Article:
Deborah J. Pope-Lance, a licensed psychotherapist and ordained minister, has served as a parish minister, an interim minister, a community minister, an organizational consultant, a clergy advocate, coach, and trainer,  seminary faculty and field education supervisor.  She consults nationally with clergy and congregations, maintains a private psychotherapy practice near Boston, Massachusetts and is Affiliate Minister at the First Parish, Unitarian Universalist in Wayland, Massachusetts.

Dr. Pope-Lance is an expert on the harm caused by clergy misconduct on individuals, congregations and the ministry. Her work with afterpastors inspired the Alban Institute book When a Congregation is Betrayed: Responding to Clergy Misconduct. She was honored to be selected to deliver the essay at the 2011 Ministerial Conference at Berry Street. Her essay, Whence We Come and How and Whither, an unflinching look at the harm clergy misconduct has inflicted on the church and its ministry, is considered is required reading. Other conference keynotes, among these, Harm and Healing in the Aftermath of Clergy Misconduct, presented at an annual meeting of the Interim Ministers Network, and her workshops and trainings, for example, on the ethics of ministerial practice and on afterpastors’ strategies, have changed the way lay and clergy leaders understand clergy misconduct, measure its adverse consequences, respond to allegations and support effected congregations.  Dr Pope-Lance is uniquely equipped to support lay and clergy leaders addressing the unique challenges common in the aftermath of a  misconduct. What she has learned from studying misconduct’s impact on subsequent clergy’s ministerial relationships, she has applied as well to help clergy better understand the dynamics of ministerial relationships and to be more skillful in all ministries.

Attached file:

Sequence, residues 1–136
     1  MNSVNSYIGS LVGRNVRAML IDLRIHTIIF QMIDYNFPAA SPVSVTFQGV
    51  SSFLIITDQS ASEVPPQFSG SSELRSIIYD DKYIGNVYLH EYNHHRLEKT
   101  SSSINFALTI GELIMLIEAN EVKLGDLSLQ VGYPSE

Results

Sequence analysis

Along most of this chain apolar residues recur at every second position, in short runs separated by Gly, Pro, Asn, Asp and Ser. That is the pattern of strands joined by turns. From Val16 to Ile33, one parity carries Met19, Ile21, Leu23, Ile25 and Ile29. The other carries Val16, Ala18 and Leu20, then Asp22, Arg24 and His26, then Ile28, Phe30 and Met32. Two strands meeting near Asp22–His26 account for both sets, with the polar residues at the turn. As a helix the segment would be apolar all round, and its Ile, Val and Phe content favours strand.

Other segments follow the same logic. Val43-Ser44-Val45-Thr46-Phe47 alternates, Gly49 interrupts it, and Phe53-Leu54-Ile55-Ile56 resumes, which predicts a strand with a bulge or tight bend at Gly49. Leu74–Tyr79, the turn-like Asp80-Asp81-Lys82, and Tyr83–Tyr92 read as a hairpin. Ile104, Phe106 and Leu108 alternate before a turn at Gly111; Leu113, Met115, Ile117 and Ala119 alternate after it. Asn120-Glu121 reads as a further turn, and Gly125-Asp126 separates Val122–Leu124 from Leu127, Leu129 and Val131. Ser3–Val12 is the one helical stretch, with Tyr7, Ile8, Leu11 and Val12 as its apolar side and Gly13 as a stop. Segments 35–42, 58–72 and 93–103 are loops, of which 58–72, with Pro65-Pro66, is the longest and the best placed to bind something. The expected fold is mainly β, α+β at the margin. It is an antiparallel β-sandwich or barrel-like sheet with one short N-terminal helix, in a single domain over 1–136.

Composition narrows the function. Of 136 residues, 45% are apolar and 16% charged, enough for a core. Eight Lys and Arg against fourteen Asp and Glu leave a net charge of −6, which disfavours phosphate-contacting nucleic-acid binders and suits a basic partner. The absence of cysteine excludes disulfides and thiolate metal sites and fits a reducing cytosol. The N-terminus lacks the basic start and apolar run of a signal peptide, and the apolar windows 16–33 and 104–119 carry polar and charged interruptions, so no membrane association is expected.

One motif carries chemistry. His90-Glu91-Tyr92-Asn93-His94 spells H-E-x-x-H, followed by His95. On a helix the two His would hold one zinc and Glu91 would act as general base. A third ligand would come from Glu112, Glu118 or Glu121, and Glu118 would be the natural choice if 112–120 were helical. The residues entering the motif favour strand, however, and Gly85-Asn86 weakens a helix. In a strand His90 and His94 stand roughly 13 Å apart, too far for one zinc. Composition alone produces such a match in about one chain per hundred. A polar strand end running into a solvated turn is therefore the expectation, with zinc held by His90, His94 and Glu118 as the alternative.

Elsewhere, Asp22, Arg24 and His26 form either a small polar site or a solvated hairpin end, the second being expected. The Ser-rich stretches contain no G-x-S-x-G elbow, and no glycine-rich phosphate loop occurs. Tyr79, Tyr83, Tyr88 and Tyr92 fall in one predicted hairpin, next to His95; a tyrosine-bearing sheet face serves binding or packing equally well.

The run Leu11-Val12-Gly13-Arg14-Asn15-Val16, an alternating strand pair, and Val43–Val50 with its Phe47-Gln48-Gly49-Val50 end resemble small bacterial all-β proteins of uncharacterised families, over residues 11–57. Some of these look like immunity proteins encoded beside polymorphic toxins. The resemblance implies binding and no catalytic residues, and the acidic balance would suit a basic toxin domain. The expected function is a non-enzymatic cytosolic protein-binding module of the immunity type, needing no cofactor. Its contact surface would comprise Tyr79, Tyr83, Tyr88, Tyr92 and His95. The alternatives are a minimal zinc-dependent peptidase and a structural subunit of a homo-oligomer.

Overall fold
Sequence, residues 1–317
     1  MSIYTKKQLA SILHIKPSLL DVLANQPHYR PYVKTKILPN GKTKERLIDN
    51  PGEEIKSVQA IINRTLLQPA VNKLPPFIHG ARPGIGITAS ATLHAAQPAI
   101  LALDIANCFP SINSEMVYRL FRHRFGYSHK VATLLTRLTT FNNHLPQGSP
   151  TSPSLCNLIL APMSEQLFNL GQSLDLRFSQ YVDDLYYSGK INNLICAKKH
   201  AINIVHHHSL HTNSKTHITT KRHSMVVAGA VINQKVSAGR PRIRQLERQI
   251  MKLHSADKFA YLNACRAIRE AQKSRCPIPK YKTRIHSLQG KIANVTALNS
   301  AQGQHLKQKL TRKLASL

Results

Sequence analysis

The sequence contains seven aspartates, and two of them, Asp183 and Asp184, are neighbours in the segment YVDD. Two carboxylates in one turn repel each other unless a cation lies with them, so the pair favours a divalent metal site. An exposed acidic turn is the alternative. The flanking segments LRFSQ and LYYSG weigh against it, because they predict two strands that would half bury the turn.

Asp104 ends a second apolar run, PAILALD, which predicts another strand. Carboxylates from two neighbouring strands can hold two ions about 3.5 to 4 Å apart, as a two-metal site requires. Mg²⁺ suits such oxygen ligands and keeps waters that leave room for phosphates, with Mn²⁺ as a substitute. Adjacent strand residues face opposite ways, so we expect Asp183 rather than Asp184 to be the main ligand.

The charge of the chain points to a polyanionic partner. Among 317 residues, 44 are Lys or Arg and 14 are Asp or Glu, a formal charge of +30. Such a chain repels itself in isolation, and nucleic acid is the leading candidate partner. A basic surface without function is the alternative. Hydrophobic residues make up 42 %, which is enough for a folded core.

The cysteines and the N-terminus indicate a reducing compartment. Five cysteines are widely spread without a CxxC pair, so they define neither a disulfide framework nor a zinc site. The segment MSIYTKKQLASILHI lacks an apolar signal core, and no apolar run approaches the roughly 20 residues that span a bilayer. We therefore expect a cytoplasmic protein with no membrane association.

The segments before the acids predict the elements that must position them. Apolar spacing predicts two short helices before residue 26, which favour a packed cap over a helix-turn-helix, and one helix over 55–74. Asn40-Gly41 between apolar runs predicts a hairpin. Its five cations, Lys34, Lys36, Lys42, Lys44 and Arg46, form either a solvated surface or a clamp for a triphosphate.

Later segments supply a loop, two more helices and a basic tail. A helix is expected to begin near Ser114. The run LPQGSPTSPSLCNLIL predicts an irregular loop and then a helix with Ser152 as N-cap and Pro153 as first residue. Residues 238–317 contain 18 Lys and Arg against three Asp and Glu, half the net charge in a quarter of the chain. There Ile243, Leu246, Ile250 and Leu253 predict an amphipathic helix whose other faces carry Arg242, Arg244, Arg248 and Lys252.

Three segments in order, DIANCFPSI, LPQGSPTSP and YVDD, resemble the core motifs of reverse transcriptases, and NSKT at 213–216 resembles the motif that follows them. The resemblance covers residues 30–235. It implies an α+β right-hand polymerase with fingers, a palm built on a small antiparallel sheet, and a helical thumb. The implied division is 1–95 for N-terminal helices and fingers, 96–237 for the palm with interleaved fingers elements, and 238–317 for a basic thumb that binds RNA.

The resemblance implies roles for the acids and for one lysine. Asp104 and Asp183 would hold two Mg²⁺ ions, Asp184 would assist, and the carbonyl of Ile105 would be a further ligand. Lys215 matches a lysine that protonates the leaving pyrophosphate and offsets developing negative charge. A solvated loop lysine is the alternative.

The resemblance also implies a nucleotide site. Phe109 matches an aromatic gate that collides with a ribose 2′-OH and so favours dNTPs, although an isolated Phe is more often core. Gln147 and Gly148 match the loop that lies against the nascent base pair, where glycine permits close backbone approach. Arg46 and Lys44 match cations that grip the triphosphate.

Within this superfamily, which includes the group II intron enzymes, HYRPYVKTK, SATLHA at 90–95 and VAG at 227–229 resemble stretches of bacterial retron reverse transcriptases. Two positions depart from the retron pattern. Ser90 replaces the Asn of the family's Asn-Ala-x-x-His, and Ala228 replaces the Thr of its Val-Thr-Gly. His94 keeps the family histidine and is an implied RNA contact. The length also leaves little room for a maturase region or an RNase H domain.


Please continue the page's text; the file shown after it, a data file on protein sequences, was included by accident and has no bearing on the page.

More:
Dr. Pope-Lance began her ministerial studies at the Theological School at Drew University, Madison, New Jersey, and completed a Master of Divinity degree at Andover Newton Theological School, Newton, Massachusetts.  She studied family systems therapy at New York Theological School in conjunction with Trinity Counseling Service in Princeton, New Jersey and received from the former a Masters of Sacred Theology in pastoral theology and counseling.  After completing a clinical postdoc in Marriage, Family and Sex Therapy at PENN in the School of Medicine and Psychiatry, Philadelphia, Pennsylvania , she served as clinical staff in the medical school’s clinic, the Center for Relationships. Her interest in the dynamics of the ministerial relationship began when as young woman in ministry she struggled to make sense of the curious sometimes inexplicable reactions to her and other clergy and culminated in a Doctor of Ministry degree at Andover Newton Theological School, Newton, Massachusetts, with a concentration in ministerial ethics and practice.  Her doctoral thesis, Afterpastors: Harm and Healing in the Aftermath of Clergy Misconduct, addressed the relational challenges experienced by clergy serving in the aftermath of a predecessor’s misconduct.

Her current interests include developing strategies for healing the harm caused to congregations by ministerial misconduct and supporting clergy to do their best work whatever the challenges of their ministry setting.